It's a brief throwaway line, but comics fans may recognize its deeper significance. In 2009's Thor #600, Thor really does kill his own grandfather — thanks to Loki, of course. The god of mischief travels thousands of years into the past to trap the soul of Thor's grandfather, Bor, in the snow, then returns to resurrect him ... but not before scrambling Bor's mind so he'll attack everything in sight. As Bor rampages through New York, Thor finally realizes there's no way to stop him except by killing him — all according to Loki's plan, since the penalty for killing Asgardian royalty is exile.

The score to Dark World goes to the source for one track title

Marvel loves sneaking in Easter eggs so much that they're not content to stop with the movies. Even the tracklist to Thor: The Dark World manages to squeeze in a reference that goes back beyond Loki's comic book history to the original Norse texts. Composer Brian Tyler includes Loki's theme on the album, named "Lokasenna." It may seem like a bunch of random letters attached to Loki's name at first glance, but it actually comes from one of the earliest surviving references to the character, an Old Norse poem collected in the Elder Edda.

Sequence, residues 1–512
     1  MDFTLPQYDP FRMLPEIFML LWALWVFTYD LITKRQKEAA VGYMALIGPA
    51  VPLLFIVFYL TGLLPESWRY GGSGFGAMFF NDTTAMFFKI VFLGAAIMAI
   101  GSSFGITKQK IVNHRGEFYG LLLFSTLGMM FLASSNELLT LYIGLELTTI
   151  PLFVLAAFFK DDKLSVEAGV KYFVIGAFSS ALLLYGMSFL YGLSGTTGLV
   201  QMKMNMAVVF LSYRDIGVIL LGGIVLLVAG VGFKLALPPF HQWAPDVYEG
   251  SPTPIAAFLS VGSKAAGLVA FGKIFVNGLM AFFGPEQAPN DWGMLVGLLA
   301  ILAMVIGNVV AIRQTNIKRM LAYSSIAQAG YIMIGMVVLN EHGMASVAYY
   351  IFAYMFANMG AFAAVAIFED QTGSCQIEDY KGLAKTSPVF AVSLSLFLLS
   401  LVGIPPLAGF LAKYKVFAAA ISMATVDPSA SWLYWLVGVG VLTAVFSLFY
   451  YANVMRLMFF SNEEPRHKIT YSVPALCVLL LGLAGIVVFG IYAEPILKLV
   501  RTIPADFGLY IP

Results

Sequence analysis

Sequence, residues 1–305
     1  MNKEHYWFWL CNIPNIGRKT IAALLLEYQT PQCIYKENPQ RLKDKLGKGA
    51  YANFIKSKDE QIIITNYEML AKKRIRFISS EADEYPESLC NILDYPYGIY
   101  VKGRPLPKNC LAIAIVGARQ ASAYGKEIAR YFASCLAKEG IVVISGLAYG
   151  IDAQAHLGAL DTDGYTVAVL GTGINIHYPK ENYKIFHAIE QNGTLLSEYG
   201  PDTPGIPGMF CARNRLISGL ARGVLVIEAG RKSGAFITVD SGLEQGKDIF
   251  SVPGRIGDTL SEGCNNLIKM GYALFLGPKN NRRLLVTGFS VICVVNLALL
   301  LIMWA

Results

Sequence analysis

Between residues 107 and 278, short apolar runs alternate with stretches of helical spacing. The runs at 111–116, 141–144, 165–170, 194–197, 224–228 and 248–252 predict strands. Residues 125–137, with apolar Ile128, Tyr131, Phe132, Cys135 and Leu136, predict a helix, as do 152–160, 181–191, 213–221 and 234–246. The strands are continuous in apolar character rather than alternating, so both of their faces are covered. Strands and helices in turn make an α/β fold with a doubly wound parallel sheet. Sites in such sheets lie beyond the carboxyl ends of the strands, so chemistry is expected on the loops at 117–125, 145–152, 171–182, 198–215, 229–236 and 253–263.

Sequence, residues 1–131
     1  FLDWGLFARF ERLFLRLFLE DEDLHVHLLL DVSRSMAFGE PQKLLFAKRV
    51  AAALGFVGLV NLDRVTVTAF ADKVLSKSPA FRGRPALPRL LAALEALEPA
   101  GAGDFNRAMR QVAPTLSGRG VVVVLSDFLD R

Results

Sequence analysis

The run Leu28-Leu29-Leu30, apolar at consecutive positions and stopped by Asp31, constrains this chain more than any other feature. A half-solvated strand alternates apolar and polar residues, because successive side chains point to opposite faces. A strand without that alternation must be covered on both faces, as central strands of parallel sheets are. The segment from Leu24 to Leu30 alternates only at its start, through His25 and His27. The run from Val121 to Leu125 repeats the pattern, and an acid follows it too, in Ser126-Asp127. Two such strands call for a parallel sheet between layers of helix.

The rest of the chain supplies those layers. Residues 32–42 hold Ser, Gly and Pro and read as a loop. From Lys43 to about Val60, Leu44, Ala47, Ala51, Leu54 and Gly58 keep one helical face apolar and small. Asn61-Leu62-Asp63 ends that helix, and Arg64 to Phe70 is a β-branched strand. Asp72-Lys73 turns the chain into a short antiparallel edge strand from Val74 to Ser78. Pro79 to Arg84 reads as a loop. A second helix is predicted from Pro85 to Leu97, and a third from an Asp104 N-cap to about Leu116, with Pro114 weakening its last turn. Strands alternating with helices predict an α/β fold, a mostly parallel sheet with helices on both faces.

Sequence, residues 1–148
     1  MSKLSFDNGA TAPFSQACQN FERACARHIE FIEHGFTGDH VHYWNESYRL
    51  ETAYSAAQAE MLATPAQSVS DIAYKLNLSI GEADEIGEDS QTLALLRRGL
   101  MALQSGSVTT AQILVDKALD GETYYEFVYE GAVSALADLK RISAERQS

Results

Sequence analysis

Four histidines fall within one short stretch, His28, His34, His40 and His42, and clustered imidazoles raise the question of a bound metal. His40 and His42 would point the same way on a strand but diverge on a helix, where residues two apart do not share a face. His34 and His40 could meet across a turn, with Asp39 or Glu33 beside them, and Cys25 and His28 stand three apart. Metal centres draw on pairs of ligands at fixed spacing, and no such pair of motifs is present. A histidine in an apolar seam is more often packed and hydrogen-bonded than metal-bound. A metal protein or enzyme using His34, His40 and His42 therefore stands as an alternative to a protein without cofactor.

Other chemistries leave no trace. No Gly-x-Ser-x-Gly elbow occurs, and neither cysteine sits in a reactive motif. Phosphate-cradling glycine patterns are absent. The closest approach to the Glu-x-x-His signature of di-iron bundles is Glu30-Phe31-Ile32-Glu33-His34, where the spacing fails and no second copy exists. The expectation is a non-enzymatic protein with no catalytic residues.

Even in the Middle Ages, the Loki we know and love was already fully formed, and the poem tells of him getting kicked out of a party hosted by the sea god Aegir for murdering another of the guests, then returning to pick fights with other gods and accusing them of all kinds of crimes. Finally, Loki politely excuses himself when Thor threatens to shut him up with his hammer.

Loki customized his stage in Ragnarok